Design and manage a successful mentoring programme
A refugee mentoring project, delivered in partnership with multinational Arup, reveals effectiveness of short-term mentoring and 7 keys to success.
In partnership with Arup, Renaisi ran a short-term mentoring programme designed to help develop and realise the potential of refugee professionals as well as benefit Arup mentors through multi-directional mentoring. The pilot demonstrated that short-term professional mentoring is an effective way to support refugee professionals to restart their careers in the UK and offers mutual benefits for mentors and mentees.
Arup is a British multinational professional services firm headquartered in London, which provides design, engineering, architecture, planning, and advisory services across every aspect of the built environment.
Through the pilot we found seven key components that need to be in place for mentoring to be successful.
7 components of a successful mentoring programme
1. Training for mentors is essential to ensure they have a basic mentoring toolkit as well as the opportunity to develop as mentors. Training should always be extended to mentees. In this way expectations of both mentors and mentees can be better managed and the likelihood of meeting participants needs is increased.
2. Goal setting is a core element. It should not be assumed that all participants will be familiar with setting effective goals (eg using the SMART model) and both mentors and mentees will benefit from a joint upskilling workshop.
3. Supervision for mentors helps to ensure high quality mentoring. This includes:
– offering group sessions to understand how to approach a specific phase such as ending a mentoring relationship
– reflective facilitated group sessions to learn from each other
– and one-to-one sessions to enable the mentor to reflect on their approach and either affirm their practice or consider what they can do differently as well as supporting them to manage both their emotions and those of their mentee.
The use of tools such as mentoring logs help identify issues so that they can be addressed swiftly through supervision.
4. Matching mentoring pairs is an art not a science. There is a balance to be struck between matching individuals with similar professional backgrounds and encouraging mentors to reach into their networks to support their mentees to build more professional connections.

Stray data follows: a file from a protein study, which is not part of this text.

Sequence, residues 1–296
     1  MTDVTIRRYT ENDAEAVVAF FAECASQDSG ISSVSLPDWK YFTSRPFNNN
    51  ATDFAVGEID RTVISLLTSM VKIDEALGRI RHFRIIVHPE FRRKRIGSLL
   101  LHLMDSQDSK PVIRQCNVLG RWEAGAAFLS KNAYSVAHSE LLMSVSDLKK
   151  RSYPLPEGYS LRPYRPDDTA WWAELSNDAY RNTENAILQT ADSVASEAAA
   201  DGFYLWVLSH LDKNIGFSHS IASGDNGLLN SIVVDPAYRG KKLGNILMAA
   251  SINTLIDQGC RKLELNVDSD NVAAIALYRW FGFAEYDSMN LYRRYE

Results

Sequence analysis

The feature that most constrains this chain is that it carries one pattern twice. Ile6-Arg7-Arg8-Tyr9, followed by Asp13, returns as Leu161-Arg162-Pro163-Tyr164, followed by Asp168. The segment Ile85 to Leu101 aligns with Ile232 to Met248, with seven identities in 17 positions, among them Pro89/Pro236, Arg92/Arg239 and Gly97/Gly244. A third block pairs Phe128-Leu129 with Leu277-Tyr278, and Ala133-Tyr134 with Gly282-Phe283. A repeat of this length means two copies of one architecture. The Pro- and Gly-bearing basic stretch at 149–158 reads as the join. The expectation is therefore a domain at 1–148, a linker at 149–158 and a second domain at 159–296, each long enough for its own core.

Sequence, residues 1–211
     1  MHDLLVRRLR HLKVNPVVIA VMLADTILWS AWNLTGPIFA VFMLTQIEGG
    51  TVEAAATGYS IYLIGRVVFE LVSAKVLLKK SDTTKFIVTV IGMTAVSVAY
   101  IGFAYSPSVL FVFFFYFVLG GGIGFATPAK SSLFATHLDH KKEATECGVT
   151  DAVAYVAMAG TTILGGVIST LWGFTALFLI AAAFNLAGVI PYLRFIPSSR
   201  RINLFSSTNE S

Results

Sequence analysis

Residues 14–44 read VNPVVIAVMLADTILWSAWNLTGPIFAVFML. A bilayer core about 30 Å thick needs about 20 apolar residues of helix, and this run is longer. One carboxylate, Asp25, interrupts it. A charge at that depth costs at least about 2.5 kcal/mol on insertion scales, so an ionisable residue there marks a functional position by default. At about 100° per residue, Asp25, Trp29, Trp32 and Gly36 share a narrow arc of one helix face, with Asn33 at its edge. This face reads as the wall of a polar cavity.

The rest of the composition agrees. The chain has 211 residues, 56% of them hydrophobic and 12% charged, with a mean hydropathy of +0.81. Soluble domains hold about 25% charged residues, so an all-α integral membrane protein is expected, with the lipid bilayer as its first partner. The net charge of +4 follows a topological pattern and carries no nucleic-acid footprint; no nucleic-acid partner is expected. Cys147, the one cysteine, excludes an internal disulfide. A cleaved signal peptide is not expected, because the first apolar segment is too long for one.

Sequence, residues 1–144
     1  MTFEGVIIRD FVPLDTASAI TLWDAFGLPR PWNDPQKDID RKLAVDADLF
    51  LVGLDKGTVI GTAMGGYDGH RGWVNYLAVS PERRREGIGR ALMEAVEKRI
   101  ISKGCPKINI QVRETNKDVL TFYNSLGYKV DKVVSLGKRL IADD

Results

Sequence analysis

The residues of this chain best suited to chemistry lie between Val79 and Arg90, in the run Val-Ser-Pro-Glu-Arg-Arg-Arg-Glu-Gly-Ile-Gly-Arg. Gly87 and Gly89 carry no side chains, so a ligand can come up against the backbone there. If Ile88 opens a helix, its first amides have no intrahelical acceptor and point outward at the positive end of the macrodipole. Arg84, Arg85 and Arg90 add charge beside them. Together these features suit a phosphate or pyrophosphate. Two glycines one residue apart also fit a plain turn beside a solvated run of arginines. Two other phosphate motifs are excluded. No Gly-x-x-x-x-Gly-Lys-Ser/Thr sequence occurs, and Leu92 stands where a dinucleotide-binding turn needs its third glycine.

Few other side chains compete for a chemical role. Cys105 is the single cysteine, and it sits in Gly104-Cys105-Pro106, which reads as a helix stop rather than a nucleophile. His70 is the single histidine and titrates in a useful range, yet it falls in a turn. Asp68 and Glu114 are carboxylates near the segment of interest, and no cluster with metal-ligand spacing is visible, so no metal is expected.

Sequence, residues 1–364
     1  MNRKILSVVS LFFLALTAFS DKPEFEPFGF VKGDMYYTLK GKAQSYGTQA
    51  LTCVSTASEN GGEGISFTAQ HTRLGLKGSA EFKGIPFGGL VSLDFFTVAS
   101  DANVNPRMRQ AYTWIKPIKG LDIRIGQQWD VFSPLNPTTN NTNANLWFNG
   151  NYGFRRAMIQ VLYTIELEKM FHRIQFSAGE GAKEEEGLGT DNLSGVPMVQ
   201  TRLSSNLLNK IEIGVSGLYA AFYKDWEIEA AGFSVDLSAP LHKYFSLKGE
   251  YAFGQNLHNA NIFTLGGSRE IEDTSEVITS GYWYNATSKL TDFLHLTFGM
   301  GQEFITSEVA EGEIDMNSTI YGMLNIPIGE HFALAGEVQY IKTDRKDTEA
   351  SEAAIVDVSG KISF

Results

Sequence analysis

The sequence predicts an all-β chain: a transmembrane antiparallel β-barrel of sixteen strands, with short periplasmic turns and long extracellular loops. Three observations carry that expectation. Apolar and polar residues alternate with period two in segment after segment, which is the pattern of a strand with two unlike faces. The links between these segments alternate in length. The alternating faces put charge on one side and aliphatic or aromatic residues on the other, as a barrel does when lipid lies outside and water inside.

5. Mentoring sessions should be mentee-led and offer a confidential, safe space in which mentees feel respected. Preparing for sessions, following up on agreed actions and holding each other to account are key conditions for success.
6. Budgeting for mentoring hours should allow for an additional hour for every hour spent mentoring in recognition that mentors typically spend time preparing for the session or carrying out follow-up actions.
7. Build and maintain a mentoring community of existing and past mentors to help facilitate sharing and peer learning that extends beyond the confines of the mentoring programme. In this way mentors can reflect on their practice, grow as mentors become advocates for refugee professionals, and educate other people in their business and wider networks to recognise and dismantle barriers to employment.
Renaisi Transitions service restarts the careers of refugee professionals by readying them for work in the UK and helping them to overcome barriers to employment. We develop collaborative relationships with employers to dismantle the barriers that marginalise refugee professionals, and in doing so create more inclusive recruitment solutions and workplace cultures.
If you are interested in restarting the careers of refugee professionals and accessing an untapped talent pool get in touch with Hannah Brooke, Sector Engagement Manager.
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